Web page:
Why Employees' Mental Health Should be Top of Your Agenda

It's Mental Health Awareness Week 

Here's why employee mental health should be the top of your agenda...

This week is Mental Health Awareness Week which aims to help everyone in the UK achieve good mental health across both their personal and professional lives. This last year has been extremely tough for many of us, with feelings of isolation, anxiety and stress caused by Covid-19 and the lockdowns.

So, it’s no surprise that mental health issues are increasing, according to HSE almost half of all work-related ill health cases in 2019/2020 were caused by stress, depression or anxiety.

Although the vaccine rollout is progressing well, and as a nation we’re starting to ease out of our respective lockdowns, mental health should still be top of all employer’s priorities. Putting mental health at the top of your agenda will help you attract and retain top talent and improve your employee's morale and experiences both in and outside of work.

Here’s what might be impacting your employee's mental health this year... 

The ongoing effects of the Covid-19 pandemic:

Between not being able to see friends and family, furlough and anxieties around our physical health, Covid-19 has taken its toll on our mental wellbeing. With depression in adults more than doubling since the start of the pandemic (ONS). But it’s not just chronic depression, or other serious illnesses, many of us are feeling a general state of stagnation and emptiness known as languishing. Between not knowing if we will be able to go on holiday this year or just a general feeling of aimlessness, languishing might last long into 2021.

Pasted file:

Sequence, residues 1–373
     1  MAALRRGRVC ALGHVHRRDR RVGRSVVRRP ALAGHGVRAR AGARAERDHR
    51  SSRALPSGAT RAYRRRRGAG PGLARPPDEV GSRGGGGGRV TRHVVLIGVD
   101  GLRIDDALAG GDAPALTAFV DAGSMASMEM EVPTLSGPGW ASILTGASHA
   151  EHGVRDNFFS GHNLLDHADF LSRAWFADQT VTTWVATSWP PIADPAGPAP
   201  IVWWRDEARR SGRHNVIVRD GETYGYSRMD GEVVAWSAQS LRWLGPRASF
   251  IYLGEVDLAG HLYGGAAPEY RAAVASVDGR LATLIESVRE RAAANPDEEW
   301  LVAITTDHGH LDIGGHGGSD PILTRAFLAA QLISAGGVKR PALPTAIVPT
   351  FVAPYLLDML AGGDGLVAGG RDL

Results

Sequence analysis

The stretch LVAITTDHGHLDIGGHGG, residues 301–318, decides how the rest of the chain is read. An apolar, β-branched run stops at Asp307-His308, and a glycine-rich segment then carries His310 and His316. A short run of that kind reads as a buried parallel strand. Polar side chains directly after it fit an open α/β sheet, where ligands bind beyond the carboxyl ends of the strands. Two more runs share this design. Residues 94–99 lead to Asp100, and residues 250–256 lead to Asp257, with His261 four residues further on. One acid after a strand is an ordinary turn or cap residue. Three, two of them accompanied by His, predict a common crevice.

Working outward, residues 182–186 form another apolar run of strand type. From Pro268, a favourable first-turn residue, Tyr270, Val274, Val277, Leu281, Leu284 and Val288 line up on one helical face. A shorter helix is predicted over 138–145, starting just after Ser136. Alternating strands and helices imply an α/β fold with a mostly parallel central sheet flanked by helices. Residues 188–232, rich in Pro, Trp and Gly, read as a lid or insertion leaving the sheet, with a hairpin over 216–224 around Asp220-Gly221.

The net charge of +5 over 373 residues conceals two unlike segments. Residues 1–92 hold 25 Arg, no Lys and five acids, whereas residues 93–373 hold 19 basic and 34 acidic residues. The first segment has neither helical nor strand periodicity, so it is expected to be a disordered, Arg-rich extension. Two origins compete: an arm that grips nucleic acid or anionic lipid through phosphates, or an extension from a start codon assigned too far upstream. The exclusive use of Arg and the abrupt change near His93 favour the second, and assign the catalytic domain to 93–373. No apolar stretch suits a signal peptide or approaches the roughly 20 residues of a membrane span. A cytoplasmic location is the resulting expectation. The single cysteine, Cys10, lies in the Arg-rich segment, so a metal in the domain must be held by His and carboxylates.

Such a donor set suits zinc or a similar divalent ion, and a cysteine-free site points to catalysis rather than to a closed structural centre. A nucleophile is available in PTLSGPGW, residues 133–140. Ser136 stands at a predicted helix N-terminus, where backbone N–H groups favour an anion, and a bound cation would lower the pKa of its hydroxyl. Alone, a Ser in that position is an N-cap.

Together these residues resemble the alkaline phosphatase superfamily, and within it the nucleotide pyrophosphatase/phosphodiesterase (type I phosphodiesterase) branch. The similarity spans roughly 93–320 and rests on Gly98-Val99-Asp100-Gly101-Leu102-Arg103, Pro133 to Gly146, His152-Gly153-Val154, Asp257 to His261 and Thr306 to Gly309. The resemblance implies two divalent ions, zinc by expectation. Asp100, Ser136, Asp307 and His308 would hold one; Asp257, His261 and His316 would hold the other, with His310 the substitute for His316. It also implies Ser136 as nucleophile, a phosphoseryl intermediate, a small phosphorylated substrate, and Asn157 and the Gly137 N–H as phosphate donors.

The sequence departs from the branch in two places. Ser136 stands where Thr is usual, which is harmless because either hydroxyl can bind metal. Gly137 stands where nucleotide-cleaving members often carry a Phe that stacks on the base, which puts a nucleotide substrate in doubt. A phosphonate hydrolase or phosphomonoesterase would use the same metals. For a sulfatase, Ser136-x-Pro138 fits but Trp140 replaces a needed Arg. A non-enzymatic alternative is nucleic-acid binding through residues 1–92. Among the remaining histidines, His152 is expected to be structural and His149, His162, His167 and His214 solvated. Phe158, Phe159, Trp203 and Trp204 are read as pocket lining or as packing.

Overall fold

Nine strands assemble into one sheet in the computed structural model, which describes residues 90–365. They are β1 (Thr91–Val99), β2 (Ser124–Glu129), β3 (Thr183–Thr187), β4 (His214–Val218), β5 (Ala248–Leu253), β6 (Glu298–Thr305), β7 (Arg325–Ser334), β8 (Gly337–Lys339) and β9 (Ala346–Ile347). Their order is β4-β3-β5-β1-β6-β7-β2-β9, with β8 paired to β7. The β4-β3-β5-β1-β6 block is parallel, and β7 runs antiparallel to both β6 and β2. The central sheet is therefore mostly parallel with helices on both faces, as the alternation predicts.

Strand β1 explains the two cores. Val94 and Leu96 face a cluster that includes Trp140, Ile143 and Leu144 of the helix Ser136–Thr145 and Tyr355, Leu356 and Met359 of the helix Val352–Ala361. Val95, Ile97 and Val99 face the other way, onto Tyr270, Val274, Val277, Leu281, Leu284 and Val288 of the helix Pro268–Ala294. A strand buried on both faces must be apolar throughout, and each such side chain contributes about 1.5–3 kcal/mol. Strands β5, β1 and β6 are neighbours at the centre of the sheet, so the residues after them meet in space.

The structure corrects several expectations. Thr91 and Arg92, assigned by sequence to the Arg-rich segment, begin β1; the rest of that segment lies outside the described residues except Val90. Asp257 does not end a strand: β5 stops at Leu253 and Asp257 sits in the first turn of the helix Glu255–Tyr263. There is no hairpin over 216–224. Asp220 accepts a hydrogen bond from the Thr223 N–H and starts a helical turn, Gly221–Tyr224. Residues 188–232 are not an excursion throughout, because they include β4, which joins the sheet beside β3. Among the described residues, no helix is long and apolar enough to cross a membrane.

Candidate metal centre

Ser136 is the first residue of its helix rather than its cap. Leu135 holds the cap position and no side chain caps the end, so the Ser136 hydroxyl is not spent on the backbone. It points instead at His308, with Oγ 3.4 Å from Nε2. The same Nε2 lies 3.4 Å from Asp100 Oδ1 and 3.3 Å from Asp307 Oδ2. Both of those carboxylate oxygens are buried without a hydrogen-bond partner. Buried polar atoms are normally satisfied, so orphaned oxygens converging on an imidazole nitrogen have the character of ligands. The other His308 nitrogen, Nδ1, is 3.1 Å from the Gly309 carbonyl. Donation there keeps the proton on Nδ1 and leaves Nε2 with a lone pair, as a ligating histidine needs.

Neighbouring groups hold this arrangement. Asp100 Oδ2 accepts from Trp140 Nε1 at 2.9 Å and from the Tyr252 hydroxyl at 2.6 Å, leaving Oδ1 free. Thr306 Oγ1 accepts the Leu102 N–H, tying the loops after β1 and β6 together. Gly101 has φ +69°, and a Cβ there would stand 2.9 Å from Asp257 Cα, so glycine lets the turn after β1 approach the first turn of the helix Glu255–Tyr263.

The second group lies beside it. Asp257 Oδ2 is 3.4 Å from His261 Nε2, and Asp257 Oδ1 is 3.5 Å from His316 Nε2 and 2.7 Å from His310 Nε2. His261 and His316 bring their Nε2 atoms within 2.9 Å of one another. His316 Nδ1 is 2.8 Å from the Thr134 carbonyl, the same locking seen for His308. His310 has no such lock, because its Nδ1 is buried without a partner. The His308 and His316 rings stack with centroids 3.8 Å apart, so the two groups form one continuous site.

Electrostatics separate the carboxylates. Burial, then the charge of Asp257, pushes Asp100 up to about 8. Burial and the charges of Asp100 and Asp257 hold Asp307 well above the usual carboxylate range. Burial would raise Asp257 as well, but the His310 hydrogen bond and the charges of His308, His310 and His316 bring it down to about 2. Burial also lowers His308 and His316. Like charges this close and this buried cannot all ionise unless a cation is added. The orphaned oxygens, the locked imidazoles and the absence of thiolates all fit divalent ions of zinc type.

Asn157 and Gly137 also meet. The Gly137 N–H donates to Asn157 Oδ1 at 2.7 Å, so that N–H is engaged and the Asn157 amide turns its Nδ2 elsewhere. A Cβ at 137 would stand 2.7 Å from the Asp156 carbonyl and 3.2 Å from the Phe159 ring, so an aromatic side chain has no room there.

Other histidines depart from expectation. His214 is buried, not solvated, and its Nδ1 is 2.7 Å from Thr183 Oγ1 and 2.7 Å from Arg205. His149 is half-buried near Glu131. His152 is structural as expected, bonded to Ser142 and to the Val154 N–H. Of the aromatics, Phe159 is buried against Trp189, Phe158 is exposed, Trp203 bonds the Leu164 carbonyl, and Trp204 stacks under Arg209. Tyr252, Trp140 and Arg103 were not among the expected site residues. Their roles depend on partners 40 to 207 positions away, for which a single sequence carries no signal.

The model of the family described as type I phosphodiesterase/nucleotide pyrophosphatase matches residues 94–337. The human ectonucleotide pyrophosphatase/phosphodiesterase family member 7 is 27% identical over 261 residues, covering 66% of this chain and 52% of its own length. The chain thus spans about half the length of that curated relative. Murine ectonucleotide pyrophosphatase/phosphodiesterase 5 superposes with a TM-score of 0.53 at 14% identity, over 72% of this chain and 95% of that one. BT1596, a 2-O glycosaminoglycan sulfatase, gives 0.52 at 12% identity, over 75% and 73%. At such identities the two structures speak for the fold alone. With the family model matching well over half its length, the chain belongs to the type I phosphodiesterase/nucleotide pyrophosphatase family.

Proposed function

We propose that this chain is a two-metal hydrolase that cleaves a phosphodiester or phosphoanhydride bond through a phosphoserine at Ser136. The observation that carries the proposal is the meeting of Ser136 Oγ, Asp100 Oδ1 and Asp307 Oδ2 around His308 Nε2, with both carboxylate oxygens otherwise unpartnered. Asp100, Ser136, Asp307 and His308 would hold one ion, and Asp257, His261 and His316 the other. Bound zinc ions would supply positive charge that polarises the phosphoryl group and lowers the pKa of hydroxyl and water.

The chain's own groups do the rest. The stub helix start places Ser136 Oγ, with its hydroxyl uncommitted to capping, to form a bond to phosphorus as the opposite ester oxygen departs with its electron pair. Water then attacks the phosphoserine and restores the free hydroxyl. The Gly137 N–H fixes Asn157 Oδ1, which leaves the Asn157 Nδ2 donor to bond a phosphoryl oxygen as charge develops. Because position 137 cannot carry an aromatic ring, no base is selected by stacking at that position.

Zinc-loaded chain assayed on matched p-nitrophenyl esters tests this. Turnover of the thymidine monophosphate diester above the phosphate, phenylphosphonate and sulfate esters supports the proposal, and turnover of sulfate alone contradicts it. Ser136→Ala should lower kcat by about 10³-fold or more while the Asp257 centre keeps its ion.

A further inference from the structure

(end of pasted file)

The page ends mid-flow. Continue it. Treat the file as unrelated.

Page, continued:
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The blurring between home and work:

Before 2020, many of us may have worked from home on the odd occasion whether that was to make sure we were in to accept a package or because we had a doctor’s appointment. But, now many of us have been remote working for over a year now, and although there are some benefits of it (non-existent commutes and more time with family), it can be trickier to separate our work and home lives.

According to Aviva, 52% of employees found the boundaries between work and home are becoming increasingly distorted, which is a 40% increase since February 2020. And, with hybrid working set to by the way forward, this may continue if interventions aren’t made.

Continuing anxieties about Covid-19 and return to office:

In the last year, GPs and mental health experts have seen a rise in Covid-19 specific anxiety, with 49.6% of the UK experiencing high levels of anxiety last year (ONS) and with many offices considering opening back up in some capacity, these anxieties won’t necessarily go away. In fact, research shows that 65% of employees are anxious about the prospect of going back to the office.

Increase in demand for mental health support, but it’s still not seen as a priority: